Stadiums, Broken Windows and more

by Russ Roberts on April 18, 2006

in Podcast, Sports

In this Econtalk podcast with Skip Sauer of Clemson University, we talk about stadiums, the economics of sports leagues and the economics of college sports. Again, comments much appreciated. This earlier post is based on our discussion. You can subscribe to EconTalk by going to iTunes, searching for "EconTalk" and subscribing there. Feel free to use the comments section of this post for any reaction to the ideas in the podcast.

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{ 4 comments }

TW April 18, 2006 at 6:14 pm

In the podcast, Russ defines sports as zero-sum because by definition, each league has to end every season at .500. He then re-defines it later in the podcast by contrasting the sports industry to "regular" businesses, such as a Kansas City shoe store, which is not in a zero-sum situation.

I'm not sure I agree with his definition because I take a different view of "zero-sum" in this case. Rather than look at the production on the field, I think we should look at the revenue (or the profitability) of each team.

In this instance, it's not a zero-sum game. A ticket sold at Royals Stadium in Kansas City does not mean one less ticket sold at Yankee Stadium in New York City. A dollar earned by Tom Hicks and the Texas Rangers does not come at the expense of the consortium that owns the St. Louis Cardinals. And so forth.

It depends on what you're measuring, on-the-field productivity versus off-the-field (or bottom-line) productivity. I realize I may get slammed here on the basis of irrational behavior, but there are owners who will gladly lose money to fund their sports pursuits…that also makes the sports industry unique.

I'll offer three general types of owners:

1) Spend anything to win, even to the point of losing money. Ever since the first official Grand Prix was run (1950 Great Britain, I believe), Enzo Ferrari wanted to win. He sunk everything into his F1 team to win every race….every title. He flat out said that the Ferrari car division existed solely to fund the F1 team. That was his passion. Even today, the Ferrari F1 team is rumored to spend well over $300 million per season; I dare say that if you take them as a separate entity, they're a money loser (a brief anecdote, there's an old joke that the easiest way to make a small fortune is to start with a large fortune, then go out and buy yourself a racing team).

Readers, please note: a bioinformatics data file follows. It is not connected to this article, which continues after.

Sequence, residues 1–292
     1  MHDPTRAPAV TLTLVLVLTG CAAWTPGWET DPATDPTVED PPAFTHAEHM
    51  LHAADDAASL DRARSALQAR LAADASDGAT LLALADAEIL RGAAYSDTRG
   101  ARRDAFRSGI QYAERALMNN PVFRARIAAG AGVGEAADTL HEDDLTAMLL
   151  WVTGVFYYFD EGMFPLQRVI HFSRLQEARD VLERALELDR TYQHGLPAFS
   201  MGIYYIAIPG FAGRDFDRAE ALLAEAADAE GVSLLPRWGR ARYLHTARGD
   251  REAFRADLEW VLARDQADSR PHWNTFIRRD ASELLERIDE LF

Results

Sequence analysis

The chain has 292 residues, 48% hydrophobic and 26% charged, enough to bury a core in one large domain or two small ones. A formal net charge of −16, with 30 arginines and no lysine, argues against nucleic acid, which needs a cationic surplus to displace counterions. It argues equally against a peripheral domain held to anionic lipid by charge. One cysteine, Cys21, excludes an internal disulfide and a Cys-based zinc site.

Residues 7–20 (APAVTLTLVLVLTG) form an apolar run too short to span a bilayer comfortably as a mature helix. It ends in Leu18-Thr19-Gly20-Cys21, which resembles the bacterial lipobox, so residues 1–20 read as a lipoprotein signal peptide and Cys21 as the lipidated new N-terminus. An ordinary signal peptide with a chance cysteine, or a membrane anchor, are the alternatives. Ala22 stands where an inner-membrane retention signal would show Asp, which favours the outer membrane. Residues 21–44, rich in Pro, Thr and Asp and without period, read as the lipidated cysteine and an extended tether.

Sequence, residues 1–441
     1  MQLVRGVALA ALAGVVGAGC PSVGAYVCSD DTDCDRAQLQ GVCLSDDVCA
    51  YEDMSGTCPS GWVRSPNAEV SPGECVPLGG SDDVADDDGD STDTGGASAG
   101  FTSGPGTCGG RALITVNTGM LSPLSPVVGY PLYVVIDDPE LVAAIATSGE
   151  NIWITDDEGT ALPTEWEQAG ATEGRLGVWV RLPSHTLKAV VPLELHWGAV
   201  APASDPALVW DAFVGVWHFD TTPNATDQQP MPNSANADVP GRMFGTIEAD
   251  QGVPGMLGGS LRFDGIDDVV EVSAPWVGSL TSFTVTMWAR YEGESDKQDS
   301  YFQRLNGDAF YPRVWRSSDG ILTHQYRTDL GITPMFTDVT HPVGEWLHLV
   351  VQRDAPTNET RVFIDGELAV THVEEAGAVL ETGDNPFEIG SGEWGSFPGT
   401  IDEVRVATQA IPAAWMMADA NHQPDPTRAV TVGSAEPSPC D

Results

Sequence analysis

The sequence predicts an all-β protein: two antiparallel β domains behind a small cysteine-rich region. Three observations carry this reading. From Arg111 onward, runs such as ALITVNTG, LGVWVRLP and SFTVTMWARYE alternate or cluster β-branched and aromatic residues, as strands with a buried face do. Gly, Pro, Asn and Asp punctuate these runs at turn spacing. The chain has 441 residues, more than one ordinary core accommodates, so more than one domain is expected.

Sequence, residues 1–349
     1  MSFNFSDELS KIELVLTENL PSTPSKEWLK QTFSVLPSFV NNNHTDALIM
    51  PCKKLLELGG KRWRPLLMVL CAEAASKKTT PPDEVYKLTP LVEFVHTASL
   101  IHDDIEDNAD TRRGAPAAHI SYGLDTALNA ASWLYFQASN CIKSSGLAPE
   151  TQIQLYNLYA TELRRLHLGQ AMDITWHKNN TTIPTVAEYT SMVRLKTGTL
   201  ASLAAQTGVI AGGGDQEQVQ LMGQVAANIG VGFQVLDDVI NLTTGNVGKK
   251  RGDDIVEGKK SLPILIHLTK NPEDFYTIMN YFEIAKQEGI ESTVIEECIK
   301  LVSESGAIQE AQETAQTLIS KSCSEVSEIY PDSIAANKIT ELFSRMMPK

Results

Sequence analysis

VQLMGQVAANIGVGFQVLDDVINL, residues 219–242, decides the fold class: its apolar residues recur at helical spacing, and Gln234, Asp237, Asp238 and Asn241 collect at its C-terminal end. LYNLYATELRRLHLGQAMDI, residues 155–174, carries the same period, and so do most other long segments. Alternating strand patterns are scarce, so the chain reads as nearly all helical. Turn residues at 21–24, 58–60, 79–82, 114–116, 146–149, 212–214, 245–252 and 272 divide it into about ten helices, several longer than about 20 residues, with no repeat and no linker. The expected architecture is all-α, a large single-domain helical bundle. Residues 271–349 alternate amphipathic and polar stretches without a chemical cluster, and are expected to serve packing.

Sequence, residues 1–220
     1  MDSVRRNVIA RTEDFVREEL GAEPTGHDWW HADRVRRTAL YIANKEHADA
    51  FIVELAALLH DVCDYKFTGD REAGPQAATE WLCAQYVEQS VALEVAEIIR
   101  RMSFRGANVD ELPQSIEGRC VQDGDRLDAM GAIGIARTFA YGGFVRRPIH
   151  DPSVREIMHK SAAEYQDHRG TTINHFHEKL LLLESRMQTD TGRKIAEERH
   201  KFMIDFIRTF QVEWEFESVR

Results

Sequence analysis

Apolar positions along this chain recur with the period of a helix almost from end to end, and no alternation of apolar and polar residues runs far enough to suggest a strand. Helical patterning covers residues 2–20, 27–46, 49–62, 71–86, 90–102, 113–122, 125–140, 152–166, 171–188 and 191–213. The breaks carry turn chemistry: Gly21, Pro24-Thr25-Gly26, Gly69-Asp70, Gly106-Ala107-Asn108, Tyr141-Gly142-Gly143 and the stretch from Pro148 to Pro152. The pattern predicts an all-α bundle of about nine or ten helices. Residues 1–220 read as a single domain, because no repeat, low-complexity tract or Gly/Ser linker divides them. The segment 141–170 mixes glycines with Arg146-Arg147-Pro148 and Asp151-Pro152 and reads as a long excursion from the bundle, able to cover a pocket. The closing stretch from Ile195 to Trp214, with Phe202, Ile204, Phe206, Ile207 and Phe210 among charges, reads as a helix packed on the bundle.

2) Maximize profits at the expense of the on-the-field product. With apologies to Bengals fans, I think Mike Brown of the Cincinnati Bengals fit this definition from the 1990s up until a few years ago. His teams stayed at the minimum of the salary cap range for years. He was notorious even for providing players with cheap towels in the locker room. His team lost….but he raked in the profits as the minimal salaries he paid paled in comparison to his share of the TV revenue.

3) Set a budget such that the owner earns a reasonable annual rate of return, but the payroll is high enough for the team to remain competitive. With more apologies to Bengals fans, I'll throw out the way the Rooney family has run the Pittsburgh Steelers for over three decades. They've won…..they've remained competitive….and the Rooneys continue to rake in the profits.

The struggle for sports leagues is that while you have these three types of owners present in your leagues, each owner has an inherent intradependency on each other owner. After all, each team must have an opponent to play. Rather than branding the leagues as socialist, I'd instead argue the point that most leagues have done a poor job of drafting rules that recognize this intradependency.